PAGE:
ZURICH, SWITZERLAND — Both EBITDA and revenue grew for Barry Callebaut AG in the fiscal year ended Aug. 31 even though growth in the global confectionery market was basically fat. Barry Callebaut’s EBITDA of 470.7 million Swiss francs ($488.3 million) compared with 456.1 million Swiss francs ($473.2 million) in the previous fiscal year.
Fiscal-year revenue of 5,213.8 million Swiss francs ($5,406.4 million) compared with 4,880.2 million Swiss francs in the previous fiscal year. Barry Callebaut had double-digit percentage gains in sales in the geographic regions of the Americas (15.6%), Asia-Pacific (15.5%) and Eastern Europe (11.1%). The global chocolate confectionary market overall grew at a rate of 0.3%. The strong Swiss franc had an unfavorable impact on sales revenue, operational profit (EBIT) and net profit for Zurich-based Barry Callebaut.
“Market conditions were challenging with a still rather fragile world economy, a flat global chocolate market, high raw material prices and important currency fluctuations,” said Juergen Steinemann, chief executive officer of Barry Callebaut. “Our growth strategy based on the three pillars of expansion, innovation and cost leadership, together with our robust business model, have allowed us to cope well with all these market challenges.”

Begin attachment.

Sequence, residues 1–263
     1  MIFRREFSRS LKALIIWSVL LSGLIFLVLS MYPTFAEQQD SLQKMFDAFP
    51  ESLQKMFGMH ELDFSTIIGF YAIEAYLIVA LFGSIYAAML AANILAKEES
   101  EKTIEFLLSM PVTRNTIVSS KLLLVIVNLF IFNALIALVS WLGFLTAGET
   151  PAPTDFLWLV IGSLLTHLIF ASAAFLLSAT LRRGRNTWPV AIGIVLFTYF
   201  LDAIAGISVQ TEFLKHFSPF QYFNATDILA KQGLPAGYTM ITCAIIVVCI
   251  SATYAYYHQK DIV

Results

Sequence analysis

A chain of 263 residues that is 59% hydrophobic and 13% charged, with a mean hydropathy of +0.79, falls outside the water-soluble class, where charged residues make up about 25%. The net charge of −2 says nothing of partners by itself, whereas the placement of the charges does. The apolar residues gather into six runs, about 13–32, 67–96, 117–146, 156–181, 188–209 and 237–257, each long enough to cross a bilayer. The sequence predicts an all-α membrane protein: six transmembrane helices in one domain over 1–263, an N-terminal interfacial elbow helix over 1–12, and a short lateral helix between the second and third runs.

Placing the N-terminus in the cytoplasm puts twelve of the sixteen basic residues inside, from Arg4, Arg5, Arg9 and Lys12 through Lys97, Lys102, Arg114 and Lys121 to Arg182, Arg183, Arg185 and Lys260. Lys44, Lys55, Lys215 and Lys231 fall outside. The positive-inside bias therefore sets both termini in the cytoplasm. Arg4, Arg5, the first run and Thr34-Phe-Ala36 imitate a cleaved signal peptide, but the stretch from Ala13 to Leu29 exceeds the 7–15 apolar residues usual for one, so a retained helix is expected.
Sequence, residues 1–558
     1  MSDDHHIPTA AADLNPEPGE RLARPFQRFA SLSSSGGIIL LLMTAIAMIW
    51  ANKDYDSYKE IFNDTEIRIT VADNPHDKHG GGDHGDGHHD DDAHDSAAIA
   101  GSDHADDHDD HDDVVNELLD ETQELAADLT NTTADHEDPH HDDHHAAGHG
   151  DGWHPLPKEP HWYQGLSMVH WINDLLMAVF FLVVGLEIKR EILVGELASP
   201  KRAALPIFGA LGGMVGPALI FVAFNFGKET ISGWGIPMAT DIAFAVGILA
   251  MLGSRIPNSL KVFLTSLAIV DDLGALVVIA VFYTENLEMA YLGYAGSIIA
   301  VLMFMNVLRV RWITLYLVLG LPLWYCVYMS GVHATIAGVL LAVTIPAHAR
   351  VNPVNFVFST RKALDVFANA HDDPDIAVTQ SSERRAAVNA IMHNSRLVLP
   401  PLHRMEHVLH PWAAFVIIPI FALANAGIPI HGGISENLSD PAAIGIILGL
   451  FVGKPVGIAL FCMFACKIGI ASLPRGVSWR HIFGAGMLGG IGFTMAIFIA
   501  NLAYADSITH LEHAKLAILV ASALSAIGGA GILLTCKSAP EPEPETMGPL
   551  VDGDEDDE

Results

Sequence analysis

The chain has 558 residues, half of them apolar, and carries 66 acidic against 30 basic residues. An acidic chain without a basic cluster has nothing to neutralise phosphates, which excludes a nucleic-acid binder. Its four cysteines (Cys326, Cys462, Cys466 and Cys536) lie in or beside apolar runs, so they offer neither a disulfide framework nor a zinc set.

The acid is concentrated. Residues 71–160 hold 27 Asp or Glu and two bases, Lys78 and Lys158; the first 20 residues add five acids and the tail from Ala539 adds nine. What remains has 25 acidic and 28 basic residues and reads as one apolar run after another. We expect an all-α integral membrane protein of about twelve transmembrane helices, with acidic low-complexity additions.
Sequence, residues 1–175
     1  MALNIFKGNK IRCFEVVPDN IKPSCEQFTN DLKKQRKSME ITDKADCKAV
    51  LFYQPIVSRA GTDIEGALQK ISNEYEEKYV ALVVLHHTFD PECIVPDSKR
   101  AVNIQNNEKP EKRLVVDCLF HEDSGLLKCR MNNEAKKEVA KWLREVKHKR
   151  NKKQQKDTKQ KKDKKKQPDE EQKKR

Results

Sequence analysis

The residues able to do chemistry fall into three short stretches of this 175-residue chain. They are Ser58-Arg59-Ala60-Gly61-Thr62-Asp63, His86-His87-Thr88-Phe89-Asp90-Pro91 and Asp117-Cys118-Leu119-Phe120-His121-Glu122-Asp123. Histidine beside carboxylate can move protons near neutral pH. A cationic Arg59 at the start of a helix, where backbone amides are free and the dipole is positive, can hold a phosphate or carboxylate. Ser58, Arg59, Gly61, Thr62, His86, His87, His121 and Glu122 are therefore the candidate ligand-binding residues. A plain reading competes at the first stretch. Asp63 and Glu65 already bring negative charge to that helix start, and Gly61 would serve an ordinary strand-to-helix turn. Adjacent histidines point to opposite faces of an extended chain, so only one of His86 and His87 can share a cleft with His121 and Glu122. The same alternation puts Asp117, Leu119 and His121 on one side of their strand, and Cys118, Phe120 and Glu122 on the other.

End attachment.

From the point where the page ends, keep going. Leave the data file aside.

The Americas regions had fiscal-year EBITDA of 108.1 million Swiss francs, up from 100.9 million Swiss francs in the previous year, and fiscal-year sales revenue of 998.2 million Swiss francs, up from 901.1 million Swiss francs. Long-term outsourcing and supply agreements with key corporate accounts, as well as growth in the Gourmet business, drove sales volume growth of 16% to 291,399 tonnes. Volume growth in both Food Manufacturers and Gourmet & Specialties Products business drove a rise in operating profit (EBIT) of 6.3% in local currencies to 92.5 million Swiss francs. Infrastructure investments, including start-up costs for a new chocolate factory in Brazil, partly offset the volume growth.
Global Sourcing & Cocoa had fiscal-year EBITDA of 75.2 million Swiss francs, up from 72.6 million Swiss francs in the previous fiscal year, and fiscal-year sales revenue of 962.5 million Swiss francs, up from 748.9 million Swiss francs. Higher cocoa bean prices and higher volumes drove sales revenue growth.
“There was high demand for cocoa powder since the market segments using cocoa powder as an ingredient — mainly the bakery, ice cream and beverage industries — did not suffer as much from the global economic crisis as the chocolate confectionery market where cocoa butter is used to a great extent,” Barry Callebaut said.
Going forward, Barry Callebaut plans to manage its Gourmet & Specialties business as a unit independent from but interdependent with its industrial business. Barry Callebaut will appoint management teams for its Gourmet & Specialties businesses in western Europe and North America, and the management teams will have their own profit and loss responsibility. The Gourmet & Specialties business will remain interdependent with the industrial factories and benefit from their scale and manufacturing efficiency.